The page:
So far, though, coastal wetlands have received relatively little coverage in the media, and there’s not enough general awareness of just how important they are. We need to change that and to bring their huge potential into the spotlight: that’s why we’re offering a free three-hour media training session for anyone involved in reporting on the climate crisis. The session will help journalists learn more about the value of coastal wetlands as nature-based solutions, and will offer a unique opportunity for colleagues across the region to share approaches, tools, and ideas on how to tell this vital part of the story.

You can find more information here and register via this link.

09/12, 17.00 CET

Webinar - The Climate Story After Glasgow

Organiser: Covering Climate Now (CCNow)

For journalists, perhaps the most important element of the Glasgow Climate Pact is its call for governments to bring updated action plans to next year’s COP27 in Egypt. Limiting temperature rise to 1.5 degrees C thus will depend in no small part on how much scrutiny and accountability the news media and the rest of civil society focus on laggard governments over the next twelve months.

At this Talking Shop, CCNow will discuss what exactly did and didn’t happen at COP26. They'll talk through what those results imply for how news coverage should present the climate story to the public in 2022. Without being activists ourselves, how can journalism hold governments, business institutions, and other powerful interests accountable for making the deep, rapid shifts that science says are necessary to preserve a livable planet while also addressing the suffering and damage already underway, especially in the global South?

You can find more information and register via this link.

10/12, 16.00 CET

Webinar - Will China's new coal plants become stranded economic assets?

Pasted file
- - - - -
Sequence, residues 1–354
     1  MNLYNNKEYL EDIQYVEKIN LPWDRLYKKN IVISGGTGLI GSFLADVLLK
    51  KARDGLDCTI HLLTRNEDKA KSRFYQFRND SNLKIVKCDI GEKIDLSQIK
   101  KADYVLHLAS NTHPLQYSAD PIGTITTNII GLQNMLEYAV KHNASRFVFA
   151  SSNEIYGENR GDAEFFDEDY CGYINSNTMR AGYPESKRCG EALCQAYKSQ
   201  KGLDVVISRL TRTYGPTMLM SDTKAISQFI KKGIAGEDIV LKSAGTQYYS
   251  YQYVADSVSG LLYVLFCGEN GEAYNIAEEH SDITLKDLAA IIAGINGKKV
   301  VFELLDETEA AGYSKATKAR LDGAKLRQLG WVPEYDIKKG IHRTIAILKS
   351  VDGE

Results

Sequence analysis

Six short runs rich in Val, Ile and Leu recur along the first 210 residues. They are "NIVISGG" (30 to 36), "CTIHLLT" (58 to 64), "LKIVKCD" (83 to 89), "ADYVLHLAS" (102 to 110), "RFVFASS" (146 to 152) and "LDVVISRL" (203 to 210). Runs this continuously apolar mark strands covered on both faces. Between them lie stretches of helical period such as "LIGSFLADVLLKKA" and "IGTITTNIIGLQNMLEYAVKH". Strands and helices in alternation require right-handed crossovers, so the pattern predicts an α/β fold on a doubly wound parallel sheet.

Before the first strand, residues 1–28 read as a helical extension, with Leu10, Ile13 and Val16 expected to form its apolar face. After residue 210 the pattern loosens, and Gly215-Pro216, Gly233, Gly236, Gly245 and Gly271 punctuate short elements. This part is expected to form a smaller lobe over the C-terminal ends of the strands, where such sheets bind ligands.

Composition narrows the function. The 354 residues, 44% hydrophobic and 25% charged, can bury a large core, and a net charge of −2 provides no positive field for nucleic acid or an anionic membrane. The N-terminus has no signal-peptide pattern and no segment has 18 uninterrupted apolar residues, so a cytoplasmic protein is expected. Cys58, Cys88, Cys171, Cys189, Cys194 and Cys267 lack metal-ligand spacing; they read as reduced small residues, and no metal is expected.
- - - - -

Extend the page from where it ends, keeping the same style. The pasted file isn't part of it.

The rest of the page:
Organiser: International Association for Energy Economics (IAEE)

Despite its carbon neutrality commitments, China is continuing to build new coal-fired plants. Several analyses of Chinese coal plants’ financial prospects suggest that such investments by China’s power companies will become stranded assets from the perspective of their investors. These assessments are grounded in financial analyses of the power plant from this investor perspective, rather than explicitly considering the economic returns that in principle motivate China’s government, particularly in its role as shareholder of the state-owned power companies that dominate coal-fired generation in China. We revisit the prospect of these plants becoming stranded assets through this “economic” prism, taking into account China’s rising climate ambition.

You can find more information here and register via this link.

14/12, 14.00 CET

Webinar - State of the European Green Deal

Organiser: European Roundtable on Climate Change and Sustainable Transition (ERCST)

The meeting will be offering an end of year high level views on the Fit for 55 Package and the State of the European Green Deal.

You can find more information here and register via this link.

14/12, 15.00 CET

Webinar - Ocean and climate: how to make your audience click on the link?

Organiser: Sparknews

Want to better understand what has gotten out of COP26 when it comes to the ocean? Explore ways in which you, as a journalist, can cover its challenges and engage your audiences beyond the bloom and gloom of ocean-related news? 

You’ve come to the right place! 

Join us on December 14th at 3pm CET and meet:

  • Sarah Cooley, Director of Climate Science at Ocean Conservancy 
  • Marlowe Hood, senior Science and Environment Correspondent and Global Coordinator for Climate Change for AFP
  • and Jessica Aldred, Special Projects Editor and lead of the Ocean section of the China Dialogue

This hour-long discussion will be the opportunity to explore how the media can contribute to reestablishing the connections between ocean, climate issues and mankind’s survival, and push ocean challenges up the agenda.

You can find more information and register via this link.